Sponsored By
Delta Farm Press Logo

September watering rarely pays for cottonSeptember watering rarely pays for cotton

Weather will play a role in whether watering late cotton will have a payout.

Forrest Laws

August 31, 2021

If Hurricane Ida misses your cotton field – and most farmers probably have mixed feelings about whether they would welcome both the rain and winds – don’t worry about having to make up for the missed moisture.

That’s the advice of Dr. Bill Robertson, Extension agronomist – cotton with the University of Arkansas System Division of Agriculture, who was interviewed before Ida began taking aim at the Gulf Coast of Louisiana on Aug. 26.

This year’s Mid-South cotton crop is generally considered to be two to three weeks late, primarily due to weather problems at planting and the unusual rainfall events that followed. Because of that, growers may be tempted to turn their irrigation pumps on one more time – if Ida doesn’t dump several inches of rain on their fields.

“Watering cotton in September rarely pays,” said Robertson, who says he’s been receiving calls from farmers asking if they should continue to irrigate beyond the normal calendar cutoff date.

“You have a center pivot or the polypipe is already laid, and all you have to do is flip a switch and water it one more time to try to give you a little peace of mind that you did everything you could to set those later bolls,” he said. “That’s a perfectly reasonable mindset.

“I don’t have any data on this, but, when we look at it to see how it does compared to some of the other fields, that one last watering doesn’t make us any additional cotton. What it does do is cost us some days getting the picker in the field because it gives the cotton plant a second wind.”

Robertson compared cotton to putting a grandchild down for a nap an hour or two before bedtime. When it gets a second wind, the cotton isn’t ready for a nap or for a harvest aid application.

“A lot of time that extra irrigation doesn’t give us extra yield, and it costs us days for getting the picker in the field,” he noted. “We need to look at our crop and try not to be tempted to put that extra water on.”

Cut out

Having five nodes above white flower or NAWF-5 is generally considered cut out for Arkansas’ cotton acres that are grown on silt loam soils. The soils tend to seal over during a rain and limit the amount of water than infiltrate those soils.

“On the day of cutout those first position white flowers out there represent bolls that are going to contribute to yields and profit,” he said. “We will have other bolls come on after that, but it takes way more white flowers to end up as bolls to make a pound of cotton after that. Those bolls will be smaller and have less quality.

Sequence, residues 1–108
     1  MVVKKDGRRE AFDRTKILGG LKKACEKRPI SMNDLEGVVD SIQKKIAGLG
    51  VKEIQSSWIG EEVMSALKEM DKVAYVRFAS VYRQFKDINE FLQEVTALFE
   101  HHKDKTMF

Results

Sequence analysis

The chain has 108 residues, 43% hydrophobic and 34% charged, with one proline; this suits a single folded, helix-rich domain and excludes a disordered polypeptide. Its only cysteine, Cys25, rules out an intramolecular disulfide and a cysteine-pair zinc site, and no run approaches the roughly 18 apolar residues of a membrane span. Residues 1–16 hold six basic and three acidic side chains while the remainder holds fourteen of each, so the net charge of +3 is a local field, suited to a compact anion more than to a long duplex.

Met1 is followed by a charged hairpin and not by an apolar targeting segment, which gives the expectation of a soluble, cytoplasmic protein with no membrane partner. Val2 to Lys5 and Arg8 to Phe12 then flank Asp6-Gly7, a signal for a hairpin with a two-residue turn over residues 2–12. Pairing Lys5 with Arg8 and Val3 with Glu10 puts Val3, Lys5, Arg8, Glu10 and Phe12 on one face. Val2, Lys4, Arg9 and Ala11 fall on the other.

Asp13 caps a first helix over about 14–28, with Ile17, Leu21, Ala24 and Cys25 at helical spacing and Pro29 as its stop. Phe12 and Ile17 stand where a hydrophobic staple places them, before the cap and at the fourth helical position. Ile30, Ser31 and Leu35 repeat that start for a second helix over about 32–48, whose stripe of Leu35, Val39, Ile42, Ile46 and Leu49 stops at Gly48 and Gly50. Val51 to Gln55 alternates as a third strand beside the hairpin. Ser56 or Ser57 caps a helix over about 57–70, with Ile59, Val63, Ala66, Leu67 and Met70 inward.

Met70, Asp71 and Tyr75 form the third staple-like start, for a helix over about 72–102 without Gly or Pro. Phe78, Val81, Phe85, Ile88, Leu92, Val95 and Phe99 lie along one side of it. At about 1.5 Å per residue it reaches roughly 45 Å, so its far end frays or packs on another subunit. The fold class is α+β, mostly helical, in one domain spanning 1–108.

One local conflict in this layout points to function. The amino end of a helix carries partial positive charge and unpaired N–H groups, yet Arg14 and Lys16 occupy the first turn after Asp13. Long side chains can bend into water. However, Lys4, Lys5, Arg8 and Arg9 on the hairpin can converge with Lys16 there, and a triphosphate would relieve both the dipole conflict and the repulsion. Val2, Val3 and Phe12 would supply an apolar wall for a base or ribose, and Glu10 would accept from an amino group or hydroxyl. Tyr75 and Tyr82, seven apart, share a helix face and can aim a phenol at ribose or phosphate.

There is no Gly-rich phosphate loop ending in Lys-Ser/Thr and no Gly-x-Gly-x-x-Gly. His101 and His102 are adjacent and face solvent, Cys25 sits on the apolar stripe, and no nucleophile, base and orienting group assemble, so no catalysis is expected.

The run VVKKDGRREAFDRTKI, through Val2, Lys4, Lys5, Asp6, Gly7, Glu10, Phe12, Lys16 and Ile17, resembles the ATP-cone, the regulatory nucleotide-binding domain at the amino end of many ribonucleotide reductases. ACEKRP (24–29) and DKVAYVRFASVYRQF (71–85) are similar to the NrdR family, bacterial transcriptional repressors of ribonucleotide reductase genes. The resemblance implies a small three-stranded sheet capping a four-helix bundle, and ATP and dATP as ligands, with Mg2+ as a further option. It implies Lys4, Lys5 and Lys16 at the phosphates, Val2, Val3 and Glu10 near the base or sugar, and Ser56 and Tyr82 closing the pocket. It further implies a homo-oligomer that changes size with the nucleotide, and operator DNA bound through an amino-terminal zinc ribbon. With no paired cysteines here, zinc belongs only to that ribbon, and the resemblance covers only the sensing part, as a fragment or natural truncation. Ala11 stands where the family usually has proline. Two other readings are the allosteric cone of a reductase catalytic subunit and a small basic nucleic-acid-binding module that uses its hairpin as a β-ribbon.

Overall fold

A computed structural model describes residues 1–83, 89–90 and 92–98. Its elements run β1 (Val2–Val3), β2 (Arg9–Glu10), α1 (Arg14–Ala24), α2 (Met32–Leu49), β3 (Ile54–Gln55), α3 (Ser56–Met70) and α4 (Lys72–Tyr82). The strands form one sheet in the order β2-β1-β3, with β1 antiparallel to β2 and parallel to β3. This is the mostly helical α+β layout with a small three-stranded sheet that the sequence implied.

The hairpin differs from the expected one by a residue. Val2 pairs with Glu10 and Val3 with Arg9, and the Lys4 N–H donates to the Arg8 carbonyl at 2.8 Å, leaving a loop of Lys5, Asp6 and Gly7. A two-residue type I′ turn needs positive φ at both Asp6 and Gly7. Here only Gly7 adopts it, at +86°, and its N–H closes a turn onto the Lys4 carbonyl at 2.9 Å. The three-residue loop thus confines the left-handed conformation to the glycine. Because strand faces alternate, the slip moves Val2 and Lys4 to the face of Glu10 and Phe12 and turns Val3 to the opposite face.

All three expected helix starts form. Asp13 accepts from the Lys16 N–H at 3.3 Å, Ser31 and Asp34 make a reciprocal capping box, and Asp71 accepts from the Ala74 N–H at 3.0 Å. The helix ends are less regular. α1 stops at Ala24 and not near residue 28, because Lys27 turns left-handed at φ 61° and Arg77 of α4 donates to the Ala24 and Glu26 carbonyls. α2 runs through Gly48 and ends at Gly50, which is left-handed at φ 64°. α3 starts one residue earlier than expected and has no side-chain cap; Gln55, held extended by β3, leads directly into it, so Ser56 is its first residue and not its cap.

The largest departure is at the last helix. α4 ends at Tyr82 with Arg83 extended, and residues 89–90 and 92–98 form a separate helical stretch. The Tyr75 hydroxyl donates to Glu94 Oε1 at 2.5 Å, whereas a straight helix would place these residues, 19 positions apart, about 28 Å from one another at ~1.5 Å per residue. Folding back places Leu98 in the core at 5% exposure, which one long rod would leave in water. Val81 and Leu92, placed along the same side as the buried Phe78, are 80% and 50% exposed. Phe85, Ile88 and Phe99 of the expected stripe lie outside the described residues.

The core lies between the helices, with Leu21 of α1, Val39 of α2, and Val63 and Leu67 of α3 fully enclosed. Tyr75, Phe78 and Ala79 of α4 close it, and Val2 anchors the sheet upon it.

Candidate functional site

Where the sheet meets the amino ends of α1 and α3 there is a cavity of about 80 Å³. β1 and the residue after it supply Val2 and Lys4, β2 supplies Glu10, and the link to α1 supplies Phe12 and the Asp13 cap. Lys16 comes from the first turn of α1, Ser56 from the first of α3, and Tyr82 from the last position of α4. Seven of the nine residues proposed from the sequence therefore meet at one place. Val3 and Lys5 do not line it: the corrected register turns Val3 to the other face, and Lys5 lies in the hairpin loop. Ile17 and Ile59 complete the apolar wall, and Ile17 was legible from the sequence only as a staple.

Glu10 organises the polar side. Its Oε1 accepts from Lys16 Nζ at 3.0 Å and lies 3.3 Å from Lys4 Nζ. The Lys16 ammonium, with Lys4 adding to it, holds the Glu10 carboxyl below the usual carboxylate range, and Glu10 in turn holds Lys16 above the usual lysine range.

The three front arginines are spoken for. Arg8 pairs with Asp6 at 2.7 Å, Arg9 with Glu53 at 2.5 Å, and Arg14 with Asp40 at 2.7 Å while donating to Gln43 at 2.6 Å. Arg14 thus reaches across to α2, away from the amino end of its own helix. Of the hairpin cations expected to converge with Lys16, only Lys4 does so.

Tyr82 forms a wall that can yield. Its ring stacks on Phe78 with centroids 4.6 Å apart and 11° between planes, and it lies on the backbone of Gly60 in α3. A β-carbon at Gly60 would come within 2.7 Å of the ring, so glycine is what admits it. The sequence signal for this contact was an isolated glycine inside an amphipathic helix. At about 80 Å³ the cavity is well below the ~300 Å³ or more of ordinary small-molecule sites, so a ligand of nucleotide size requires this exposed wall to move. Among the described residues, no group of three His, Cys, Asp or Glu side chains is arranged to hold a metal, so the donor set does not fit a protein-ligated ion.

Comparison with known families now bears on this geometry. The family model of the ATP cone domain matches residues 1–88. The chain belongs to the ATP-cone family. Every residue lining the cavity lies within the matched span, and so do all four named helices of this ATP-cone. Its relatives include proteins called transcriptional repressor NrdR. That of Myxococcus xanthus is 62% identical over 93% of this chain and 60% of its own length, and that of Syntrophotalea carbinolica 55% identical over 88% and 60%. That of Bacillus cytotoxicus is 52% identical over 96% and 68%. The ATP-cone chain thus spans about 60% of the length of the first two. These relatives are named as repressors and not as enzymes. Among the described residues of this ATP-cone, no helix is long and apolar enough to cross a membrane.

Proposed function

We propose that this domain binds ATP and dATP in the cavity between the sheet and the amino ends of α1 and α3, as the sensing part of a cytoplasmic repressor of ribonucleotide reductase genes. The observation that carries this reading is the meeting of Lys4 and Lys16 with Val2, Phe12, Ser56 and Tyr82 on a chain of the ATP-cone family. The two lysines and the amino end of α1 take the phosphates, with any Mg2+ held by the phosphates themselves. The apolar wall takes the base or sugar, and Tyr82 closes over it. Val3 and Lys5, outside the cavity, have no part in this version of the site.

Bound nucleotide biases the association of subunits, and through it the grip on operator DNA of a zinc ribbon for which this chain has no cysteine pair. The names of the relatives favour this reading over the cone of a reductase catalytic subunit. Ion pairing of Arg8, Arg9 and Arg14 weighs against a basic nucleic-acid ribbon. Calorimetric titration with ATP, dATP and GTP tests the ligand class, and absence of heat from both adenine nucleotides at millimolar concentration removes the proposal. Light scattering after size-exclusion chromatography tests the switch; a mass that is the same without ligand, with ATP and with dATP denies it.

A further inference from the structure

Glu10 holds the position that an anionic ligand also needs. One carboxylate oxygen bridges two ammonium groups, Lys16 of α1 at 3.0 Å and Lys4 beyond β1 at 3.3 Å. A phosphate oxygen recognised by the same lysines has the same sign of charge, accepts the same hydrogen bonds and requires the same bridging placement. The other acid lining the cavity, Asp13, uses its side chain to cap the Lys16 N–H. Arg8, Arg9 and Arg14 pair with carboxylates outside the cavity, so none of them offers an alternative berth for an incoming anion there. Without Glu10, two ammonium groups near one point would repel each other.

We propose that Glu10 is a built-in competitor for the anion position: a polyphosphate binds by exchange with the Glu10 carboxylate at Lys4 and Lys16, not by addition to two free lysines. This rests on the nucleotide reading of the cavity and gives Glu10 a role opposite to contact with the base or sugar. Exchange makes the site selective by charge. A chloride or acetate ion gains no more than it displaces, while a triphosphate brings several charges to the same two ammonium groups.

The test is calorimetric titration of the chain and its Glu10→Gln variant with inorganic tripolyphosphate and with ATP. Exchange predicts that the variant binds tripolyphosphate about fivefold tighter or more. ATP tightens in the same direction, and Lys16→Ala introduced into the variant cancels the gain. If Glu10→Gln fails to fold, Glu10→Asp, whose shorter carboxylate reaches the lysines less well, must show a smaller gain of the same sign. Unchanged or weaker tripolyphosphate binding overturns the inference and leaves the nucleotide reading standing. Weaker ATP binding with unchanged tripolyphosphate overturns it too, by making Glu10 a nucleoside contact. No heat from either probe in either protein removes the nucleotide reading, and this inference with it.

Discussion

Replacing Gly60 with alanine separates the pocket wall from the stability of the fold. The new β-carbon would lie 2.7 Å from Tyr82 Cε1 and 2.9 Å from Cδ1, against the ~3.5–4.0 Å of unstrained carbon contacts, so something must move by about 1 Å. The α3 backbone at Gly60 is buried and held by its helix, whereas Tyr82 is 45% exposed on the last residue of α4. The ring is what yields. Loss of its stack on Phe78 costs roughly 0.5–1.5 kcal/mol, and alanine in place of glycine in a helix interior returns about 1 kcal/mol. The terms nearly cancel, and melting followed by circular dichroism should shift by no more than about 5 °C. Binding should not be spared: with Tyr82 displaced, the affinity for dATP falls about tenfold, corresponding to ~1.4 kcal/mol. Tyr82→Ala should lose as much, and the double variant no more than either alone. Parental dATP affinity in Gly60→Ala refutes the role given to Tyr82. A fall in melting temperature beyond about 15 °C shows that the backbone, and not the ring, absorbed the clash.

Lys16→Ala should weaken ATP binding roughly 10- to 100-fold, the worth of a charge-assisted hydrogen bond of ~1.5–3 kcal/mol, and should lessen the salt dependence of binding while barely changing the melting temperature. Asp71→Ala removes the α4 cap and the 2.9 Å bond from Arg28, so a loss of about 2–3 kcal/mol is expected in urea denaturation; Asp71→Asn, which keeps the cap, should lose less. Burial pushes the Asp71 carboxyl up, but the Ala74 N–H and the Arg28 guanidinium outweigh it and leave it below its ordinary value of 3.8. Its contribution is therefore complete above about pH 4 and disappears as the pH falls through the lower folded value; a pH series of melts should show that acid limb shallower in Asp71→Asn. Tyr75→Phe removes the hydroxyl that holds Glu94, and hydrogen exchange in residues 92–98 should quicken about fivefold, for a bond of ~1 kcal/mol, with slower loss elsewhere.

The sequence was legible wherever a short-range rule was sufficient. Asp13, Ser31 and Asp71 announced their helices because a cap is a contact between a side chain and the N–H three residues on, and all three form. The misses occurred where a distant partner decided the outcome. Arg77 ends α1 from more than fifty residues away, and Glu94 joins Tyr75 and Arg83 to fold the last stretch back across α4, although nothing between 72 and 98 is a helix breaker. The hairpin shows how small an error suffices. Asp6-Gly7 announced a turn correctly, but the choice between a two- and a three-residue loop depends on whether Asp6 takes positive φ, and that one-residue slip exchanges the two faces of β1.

“When we reach nodes above white flower 5 I think of the white flowers that are there as being our last money bolls.”

Entomologist recommend terminating insecticide applications based on the number of heat units accumulated after cutout – 250 heat units for plant bugs, 350 heat units for worms, 450 for stink bugs and 500 for defoliators.

“Irrigation isn’t as straightforward,” he said. “I’ve seen fields where we have good infiltration down to two and three feet and a good root system. In a field like that we can terminate irrigation at 350 to 450 heat units after cutout and not hurt yield.

“But with our poor infiltration and shallow roots a lot of times we end up terminating irrigation between 500 and 550 heat units past cutout. I have watered cotton at 600 heat units, but I don’t think it really helped on yield.”

For most of Arkansas’ cotton irrigation is normally terminated at 500 to 550 heat units, he said. “But on some of our late-planted field this year, this will put us into September. We need to look at the weather and other factors, but pushing it at the end of a season like this can often do more harm than good.”

About the Author(s)

Forrest Laws

Forrest Laws, senior director of content for Farm Press, spent 10 years with The Memphis Press-Scimitar before joining Delta Farm Press in 1980. He has written extensively on farm production practices, crop marketing, farm legislation, environmental regulations and alternative energy. He now oversees the content creation for Delta, Southeast, Southwest and Western Farm Press. He resides in Memphis, Tenn. He served as a missile launch officer in the U.S. Air Force before resuming his career in journalism with The Press-Scimitar.

Subscribe to receive top agriculture news
Be informed daily with these free e-newsletters

You May Also Like